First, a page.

Bryan Cranston Almost Wasn't On Breaking Bad Because Of Malcolm In The Middle

Had Fox gone ahead with Season 8 of Malcolm in the Middle, Cranston wouldn't have been available for Breaking Bad.

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Bryan Cranston is a veteran actor who has appeared in numerous TV shows and movies over the years, but perhaps his most notable and recognizable role is Walter White in Breaking Bad. As it turns out, Cranston nearly did not get the job.

He recalled his path to Breaking Bad in an appearance on the SmartLess podcast with Jason Bateman, Will Arnett, and Sean Hayes. Before Breaking Bad, Cranston was known for his smaller roles on shows like Seinfeld and The X-Files before breaking out with his leading role on Malcolm in the Middle as Hal. He explained on the podcast that Malcolm in the Middle network Fox had considered picking up the show for an eighth season, but decided against it.

Had Fox renewed the show for one more season, Cranston would not have been available to film the pilot for Breaking Bad.

"Fox said, Keep the sets up. We might do an eighth season of Malcolm in the Middle.' And everyone was like, 'Yeahhh that'd be great.' In late April and early May, they called when the upfronts are going on, they said, 'Nope, we had a very good pilot season. Thank you guys, you did well. You're on your own.' So we thought, 'Ahh, that's too bad,'" Cranston said.

But later in the month, Cranston received a phone call asking him to meet with Breaking Bad creator Vince Gilligan, who wrote the episode of X-Files--"Drive"--that Cranston appeared in.

"Later that month, I get the call to go see a guy called Vince Gilligan. 'Do you remember him from X-Files? Kinda. He wants to see you about a new project called Breaking Bad,'" Cranston recalls being told. "I read it and I thought, 'Oh my god this is amazing.' I met with him. He said, 'I want to turn Mr. Chips into Scarface and I think you're the guy to do it.'"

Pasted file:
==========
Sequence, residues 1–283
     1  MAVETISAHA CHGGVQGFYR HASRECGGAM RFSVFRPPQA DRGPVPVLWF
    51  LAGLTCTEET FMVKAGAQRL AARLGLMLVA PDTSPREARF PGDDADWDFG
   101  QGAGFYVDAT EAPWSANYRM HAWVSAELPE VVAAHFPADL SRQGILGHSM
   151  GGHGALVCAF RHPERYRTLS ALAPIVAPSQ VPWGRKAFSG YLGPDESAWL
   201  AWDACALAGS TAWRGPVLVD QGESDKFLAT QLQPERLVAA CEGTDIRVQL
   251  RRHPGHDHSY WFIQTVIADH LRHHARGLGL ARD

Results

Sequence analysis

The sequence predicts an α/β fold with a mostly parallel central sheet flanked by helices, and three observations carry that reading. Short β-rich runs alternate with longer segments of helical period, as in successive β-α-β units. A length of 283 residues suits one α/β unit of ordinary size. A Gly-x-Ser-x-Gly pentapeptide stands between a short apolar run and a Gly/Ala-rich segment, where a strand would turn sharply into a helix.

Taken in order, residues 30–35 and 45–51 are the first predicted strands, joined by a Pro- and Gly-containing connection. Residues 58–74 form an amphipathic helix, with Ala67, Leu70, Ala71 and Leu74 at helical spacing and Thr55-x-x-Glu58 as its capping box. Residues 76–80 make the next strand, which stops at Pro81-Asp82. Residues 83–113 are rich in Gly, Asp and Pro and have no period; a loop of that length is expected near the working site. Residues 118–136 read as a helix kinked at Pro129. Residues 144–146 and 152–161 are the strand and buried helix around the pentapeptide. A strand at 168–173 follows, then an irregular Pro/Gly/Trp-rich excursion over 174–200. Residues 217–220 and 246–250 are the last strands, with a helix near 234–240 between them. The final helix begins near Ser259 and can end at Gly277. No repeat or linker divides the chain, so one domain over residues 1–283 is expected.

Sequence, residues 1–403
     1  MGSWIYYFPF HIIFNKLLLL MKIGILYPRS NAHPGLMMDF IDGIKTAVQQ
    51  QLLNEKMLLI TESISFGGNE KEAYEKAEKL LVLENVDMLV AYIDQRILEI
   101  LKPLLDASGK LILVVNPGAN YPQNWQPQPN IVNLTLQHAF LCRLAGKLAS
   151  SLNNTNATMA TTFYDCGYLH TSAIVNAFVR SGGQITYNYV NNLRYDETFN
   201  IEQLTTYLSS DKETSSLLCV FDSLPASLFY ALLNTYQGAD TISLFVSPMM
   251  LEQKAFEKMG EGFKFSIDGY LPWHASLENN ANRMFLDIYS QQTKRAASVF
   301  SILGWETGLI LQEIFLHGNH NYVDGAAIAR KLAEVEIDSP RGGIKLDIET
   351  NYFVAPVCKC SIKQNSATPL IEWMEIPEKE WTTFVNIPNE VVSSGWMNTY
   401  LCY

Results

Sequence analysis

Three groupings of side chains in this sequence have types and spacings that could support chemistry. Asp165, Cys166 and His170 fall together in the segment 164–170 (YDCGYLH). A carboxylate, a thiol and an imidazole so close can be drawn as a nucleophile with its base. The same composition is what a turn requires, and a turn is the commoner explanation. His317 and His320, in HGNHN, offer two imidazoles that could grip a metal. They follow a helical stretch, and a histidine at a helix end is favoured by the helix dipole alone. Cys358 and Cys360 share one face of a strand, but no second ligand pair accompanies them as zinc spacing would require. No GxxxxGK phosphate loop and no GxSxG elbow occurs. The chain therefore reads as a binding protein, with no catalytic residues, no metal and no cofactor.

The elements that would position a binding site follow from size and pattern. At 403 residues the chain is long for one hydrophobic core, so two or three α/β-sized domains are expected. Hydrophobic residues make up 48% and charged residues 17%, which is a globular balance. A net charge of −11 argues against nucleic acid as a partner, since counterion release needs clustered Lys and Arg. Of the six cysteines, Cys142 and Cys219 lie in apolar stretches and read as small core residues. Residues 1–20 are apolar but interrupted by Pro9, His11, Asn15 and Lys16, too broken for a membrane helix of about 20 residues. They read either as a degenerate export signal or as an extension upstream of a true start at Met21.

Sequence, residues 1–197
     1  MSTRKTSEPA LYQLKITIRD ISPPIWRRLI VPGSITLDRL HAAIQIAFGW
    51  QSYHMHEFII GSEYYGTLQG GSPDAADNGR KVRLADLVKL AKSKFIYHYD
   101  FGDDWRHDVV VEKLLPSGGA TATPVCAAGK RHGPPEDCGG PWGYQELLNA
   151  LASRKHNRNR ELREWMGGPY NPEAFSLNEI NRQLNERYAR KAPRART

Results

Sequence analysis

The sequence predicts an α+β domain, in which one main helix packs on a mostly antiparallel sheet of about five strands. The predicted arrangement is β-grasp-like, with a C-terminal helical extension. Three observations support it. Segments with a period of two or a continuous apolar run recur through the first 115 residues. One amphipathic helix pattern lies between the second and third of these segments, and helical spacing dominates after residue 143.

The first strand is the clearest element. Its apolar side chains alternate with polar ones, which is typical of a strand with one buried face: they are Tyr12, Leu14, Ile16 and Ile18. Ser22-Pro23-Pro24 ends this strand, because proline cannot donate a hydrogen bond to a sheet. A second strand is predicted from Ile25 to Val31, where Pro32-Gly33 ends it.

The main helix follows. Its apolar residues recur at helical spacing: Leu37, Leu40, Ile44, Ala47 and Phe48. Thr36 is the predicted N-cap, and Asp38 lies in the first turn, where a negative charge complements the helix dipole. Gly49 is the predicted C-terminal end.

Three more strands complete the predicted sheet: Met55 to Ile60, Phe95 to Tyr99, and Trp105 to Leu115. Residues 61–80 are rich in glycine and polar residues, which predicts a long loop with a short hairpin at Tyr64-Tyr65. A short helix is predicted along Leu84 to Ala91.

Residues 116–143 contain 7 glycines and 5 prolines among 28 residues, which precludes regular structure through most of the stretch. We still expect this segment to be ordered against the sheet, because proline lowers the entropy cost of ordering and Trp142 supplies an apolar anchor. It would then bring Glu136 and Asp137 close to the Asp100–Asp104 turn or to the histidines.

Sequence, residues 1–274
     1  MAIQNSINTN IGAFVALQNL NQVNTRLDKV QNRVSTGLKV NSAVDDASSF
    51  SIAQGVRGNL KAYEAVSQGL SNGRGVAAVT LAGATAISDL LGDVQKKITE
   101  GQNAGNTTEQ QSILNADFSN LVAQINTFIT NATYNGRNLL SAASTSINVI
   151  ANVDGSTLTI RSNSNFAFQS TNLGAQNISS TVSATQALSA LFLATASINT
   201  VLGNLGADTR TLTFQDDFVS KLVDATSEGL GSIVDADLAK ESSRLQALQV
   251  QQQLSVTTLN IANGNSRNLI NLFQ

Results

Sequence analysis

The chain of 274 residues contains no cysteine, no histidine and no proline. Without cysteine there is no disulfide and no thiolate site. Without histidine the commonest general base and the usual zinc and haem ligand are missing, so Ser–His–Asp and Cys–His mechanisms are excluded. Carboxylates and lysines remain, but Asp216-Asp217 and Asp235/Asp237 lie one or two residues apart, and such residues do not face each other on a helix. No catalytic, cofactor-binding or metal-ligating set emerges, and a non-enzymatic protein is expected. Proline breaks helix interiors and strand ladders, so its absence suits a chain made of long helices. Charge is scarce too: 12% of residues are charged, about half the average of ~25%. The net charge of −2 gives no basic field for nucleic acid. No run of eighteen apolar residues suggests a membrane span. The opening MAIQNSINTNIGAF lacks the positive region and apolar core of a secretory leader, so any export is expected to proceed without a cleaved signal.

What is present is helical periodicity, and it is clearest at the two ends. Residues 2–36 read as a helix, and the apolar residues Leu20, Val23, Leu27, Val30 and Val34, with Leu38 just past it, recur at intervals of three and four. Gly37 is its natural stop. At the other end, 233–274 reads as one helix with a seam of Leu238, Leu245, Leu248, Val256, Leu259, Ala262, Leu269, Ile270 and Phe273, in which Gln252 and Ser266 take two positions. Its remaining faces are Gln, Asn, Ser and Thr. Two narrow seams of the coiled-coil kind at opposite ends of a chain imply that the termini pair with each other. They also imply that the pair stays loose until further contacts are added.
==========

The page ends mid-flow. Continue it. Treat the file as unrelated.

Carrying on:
AMC and Sony, the network and production company for Breaking Bad, both gave feedback to Gilligan that Cranston was not the man to play Walter White based on his previous goofy roles. However, Gilligan went to bat for Cranston and championed the actor. He informed AMC and Sony that Cranston is capable of a strong dramatic performance, and he sent the network and production company a copy of the X-Files episode "Drive" to back him up.

"'This is when I met him, so you tell me, do you think he can do this,'" Cranston recalls what Gilligan said to AMC/Sony.

"We shot the pilot [for Breaking Bad] in February and March of 2007. So had we got that eighth season of Malcolm in the Middle, I would not have been available to shoot that pilot and someone else would be talking to you," Cranston said to the podcast hosts.

"It is absolutely my belief, I dogmatically believe this, that a career in our business cannot be fully realised without a healthy dose of luck sprinkled throughout," he said.

Cranston won four Emmy awards for his portrayal of Walter White on Breaking Bad. He reprised the role for the Netflix movie El Camino, flying on a private jet in secret to avoid detection.

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